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🌊 Google’s AI can predict floods

PLUS: The newest, biggest dataset to date

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Happy Tuesday, fellow humans. 👋

In today’s edition of Trivia Tuesday: What do you call a group of unicorns? 🦄 

The answer will be at the end of the newsletter :)

Anyway, let’s dive into it…

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🧵 In today's edition:

  • 🌊 Google’s AI can predict floods

  • 🧑‍🏫 Meet Khanmigo

  • 😲 The biggest dataset yet

  • 🤑 AI Fundraising News

🤖 Top AI News

🌊 Google’s AI can predict floods

Most of the world lacks river flow measurements. This makes predicting floods difficult, especially in lower-income countries that lack data.

In 2018, Google launched an AI flood forecast system for India and Bangladesh that was excellent in predicting when floods were incoming.

Now, Google's Grey Nearing and colleagues have proven their AI can forecast floods worldwide. They trained it on public river flow data and weather forecasts gathered by the World Meteorological Organization, allowing it to learn general flood relationships to predict future events. Moreover, unlike traditional models, it transfers knowledge between locations.

The results?

The AI was tested on 5,000 global water measurements from 1984-2021. Its 4-day predictions matched the best conventional forecasts on the same day.

Plus, for data-poor South America and Africa, it predicted floods 4-7 days out.

Quite extraordinary.

Overall: Google now covers 80+ countries on its Flood Hub and Search and has sent flood alerts since October 2022. The versatile AI can now predict floods far in advance, even without abundant data, significantly advancing global disaster forecasting.

Read more: New Scientist

🧑‍🏫 Meet Khanmigo

AI tools like ChatGPT are sparking fears of cheating, but banning them from schools might be an overcorrection.

In an attempt to sustainably bring AI to the classroom, Khan Academy is introducing its AI tutor Khanmigo to over 8,000 students year. It offers personalized math, science, and writing help, as well as debates and chats with historical figures.

Khan Academy trained GPT4 on its own content to create Khanmigo, but its functionality is slightly different - the system won't give students direct answers. Instead, it allows real-time user feedback to help fix mistakes.

It also benefits teachers, allowing them to create lessons and identify struggling students while providing them with chat history.

Khanmigo isn't immune to AI "hallucinations." It struggles with math calculations, sometimes congratulating the wrong answers. But it shines at walking students through problems with hints and questions.

Overall: Foolproof prevention of AI cheating is impossible, but creative, critical assignments can minimize abuse.

Rather than banning classroom AI, teachers must equip students to use it wisely. The technology's rise seems inevitable, and with thoughtful integration, AI has the potential to engage students in new, rewarding ways.

Read more: CNN

😲 The biggest dataset yet

Powerful language models like GPT-4 are shrouded in secrecy. Companies like OpenAI publish basic stats about their datasets, but the sources and processes behind them remain proprietary, often fueling speculation about unethical data sourcing.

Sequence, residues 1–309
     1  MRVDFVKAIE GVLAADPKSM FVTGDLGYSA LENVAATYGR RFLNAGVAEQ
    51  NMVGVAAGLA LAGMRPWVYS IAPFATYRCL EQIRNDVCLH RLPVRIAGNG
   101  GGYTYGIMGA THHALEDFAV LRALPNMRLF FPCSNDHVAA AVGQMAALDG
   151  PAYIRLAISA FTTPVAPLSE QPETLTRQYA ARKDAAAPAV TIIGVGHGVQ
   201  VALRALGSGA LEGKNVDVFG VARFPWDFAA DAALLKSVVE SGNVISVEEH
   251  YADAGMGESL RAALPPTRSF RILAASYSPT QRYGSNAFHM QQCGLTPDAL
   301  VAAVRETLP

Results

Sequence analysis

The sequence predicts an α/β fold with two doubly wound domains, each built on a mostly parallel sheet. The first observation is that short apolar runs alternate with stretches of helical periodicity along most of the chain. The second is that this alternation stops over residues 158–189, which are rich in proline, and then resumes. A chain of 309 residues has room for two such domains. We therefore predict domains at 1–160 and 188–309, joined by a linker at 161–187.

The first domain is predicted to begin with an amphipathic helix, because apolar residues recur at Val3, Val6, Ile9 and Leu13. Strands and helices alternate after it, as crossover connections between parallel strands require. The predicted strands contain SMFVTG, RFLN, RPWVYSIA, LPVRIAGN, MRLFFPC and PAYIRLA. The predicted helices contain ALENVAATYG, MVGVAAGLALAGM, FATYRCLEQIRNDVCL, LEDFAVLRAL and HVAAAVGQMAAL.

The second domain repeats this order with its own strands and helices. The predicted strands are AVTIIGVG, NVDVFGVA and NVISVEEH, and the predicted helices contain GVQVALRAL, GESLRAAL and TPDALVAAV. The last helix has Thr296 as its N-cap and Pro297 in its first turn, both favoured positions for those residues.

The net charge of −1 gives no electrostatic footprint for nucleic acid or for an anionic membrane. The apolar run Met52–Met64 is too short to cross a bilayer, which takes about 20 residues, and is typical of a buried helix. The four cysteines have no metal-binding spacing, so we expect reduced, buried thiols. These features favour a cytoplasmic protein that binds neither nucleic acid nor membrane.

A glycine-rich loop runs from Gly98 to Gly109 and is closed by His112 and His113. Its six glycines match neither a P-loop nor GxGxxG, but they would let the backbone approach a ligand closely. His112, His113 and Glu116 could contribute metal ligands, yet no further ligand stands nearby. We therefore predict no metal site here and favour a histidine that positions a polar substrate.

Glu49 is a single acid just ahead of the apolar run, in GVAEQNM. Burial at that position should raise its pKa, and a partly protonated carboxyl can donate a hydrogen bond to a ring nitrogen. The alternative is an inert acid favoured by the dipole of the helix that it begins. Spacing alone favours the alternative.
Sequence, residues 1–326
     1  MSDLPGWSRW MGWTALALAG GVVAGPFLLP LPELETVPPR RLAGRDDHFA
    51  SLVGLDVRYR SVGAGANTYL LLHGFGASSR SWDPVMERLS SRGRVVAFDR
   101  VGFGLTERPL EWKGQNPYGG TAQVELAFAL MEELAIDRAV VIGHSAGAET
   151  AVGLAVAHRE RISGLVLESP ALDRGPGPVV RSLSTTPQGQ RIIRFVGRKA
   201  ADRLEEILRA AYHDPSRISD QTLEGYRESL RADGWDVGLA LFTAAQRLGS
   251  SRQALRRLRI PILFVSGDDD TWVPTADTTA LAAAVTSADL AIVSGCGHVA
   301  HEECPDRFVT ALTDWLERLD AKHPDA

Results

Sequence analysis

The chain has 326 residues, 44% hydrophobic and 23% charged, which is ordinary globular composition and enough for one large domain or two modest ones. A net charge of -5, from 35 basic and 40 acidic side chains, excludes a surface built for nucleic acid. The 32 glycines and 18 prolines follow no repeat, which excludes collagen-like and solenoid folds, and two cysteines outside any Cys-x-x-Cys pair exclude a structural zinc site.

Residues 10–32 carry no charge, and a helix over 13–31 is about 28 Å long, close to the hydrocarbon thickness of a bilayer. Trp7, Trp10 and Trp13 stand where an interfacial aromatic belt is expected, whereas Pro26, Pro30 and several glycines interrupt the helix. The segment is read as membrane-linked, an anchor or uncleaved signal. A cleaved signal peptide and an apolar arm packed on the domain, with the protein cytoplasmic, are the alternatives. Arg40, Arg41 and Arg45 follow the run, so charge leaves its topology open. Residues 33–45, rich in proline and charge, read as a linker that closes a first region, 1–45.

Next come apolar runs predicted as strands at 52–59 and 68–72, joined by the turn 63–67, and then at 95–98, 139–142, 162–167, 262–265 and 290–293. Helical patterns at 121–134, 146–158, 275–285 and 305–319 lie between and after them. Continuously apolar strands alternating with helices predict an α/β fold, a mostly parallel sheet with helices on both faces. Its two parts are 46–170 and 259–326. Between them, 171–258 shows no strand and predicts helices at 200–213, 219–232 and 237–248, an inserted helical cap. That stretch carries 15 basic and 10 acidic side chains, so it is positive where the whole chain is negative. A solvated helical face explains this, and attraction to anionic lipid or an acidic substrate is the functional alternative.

To challenge the status quo, the Allen Institute for AI (AI2) is introducing Dolma - a massive new free and transparent dataset.

Dolma will train AI2's upcoming open language model, OLMo, allowing all the underlying data to be modified by researchers. All 3 billion tokens worth of sources and processing are fully documented, enabling research replication and oversight.

Of course, no dataset will be 100% pristine. But AI2 strives for ethical sourcing and maximum openness. This addresses public concerns about Big Tech’s lack of transparency re: language models and enables computer scientists worldwide to inspect and build on Dolma freely.

Overall: AI advances fastest through collaboration. With privacy guarded and sources transparent, Dolma brokers trust in a field where technology races ahead of social consensus.

Its unprecedented openness sets a new standard for integrity in language data, and it will be interesting to see if big tech adopts this mindset.

As usual, you can access Dolma through HuggingFace.

Read more: TechCrunch

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🤑 AI Fundraising News

Genesis raises $200 million in Series B funding for AI drug discovery research.

Writerly AI Raises $2M in initial funding to accelerate the development and expansion of EKOM, a platform that generates and optimizes product detail page assets for e-commerce stores.

🗞️ AI Quick-Bytes

What else is going on?

  1. Tricks for making AI chatbots break the rules are freely available online

  2. Singapore workers are the world’s fastest in adopting AI skills

  3. Korea’s Internet Leader to Unfurl Entry in ChatGPT-Style AI Race

  4. YouTube wants to benefit from AI-generated music without the copyright headaches

  5. How any SaaS company can monetize generative AI

  6. Arm IPO to put SoftBank's AI hard sell to the test

  7. A message to OpenAI's Sam Altman was an AI startup founder's last-ditch effort to help save her company — and it worked

  8. Baidu’s Results May Shake Optimism Over China AI: Tech Watch

🐦️ Tweet of the day

🧑‍💻 Coding…made 100x easier

What did you think of today's newsletter?

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Trivia Tuesday answer: A group of unicorns is called a “Blessing” 🙏 😇 

And that does it for today's issue.

As always, thanks for reading. Have a great day, and see you next time! ✌️

— Haroon: (definitely) Not A Robot and @haroonchoudery on Twitter

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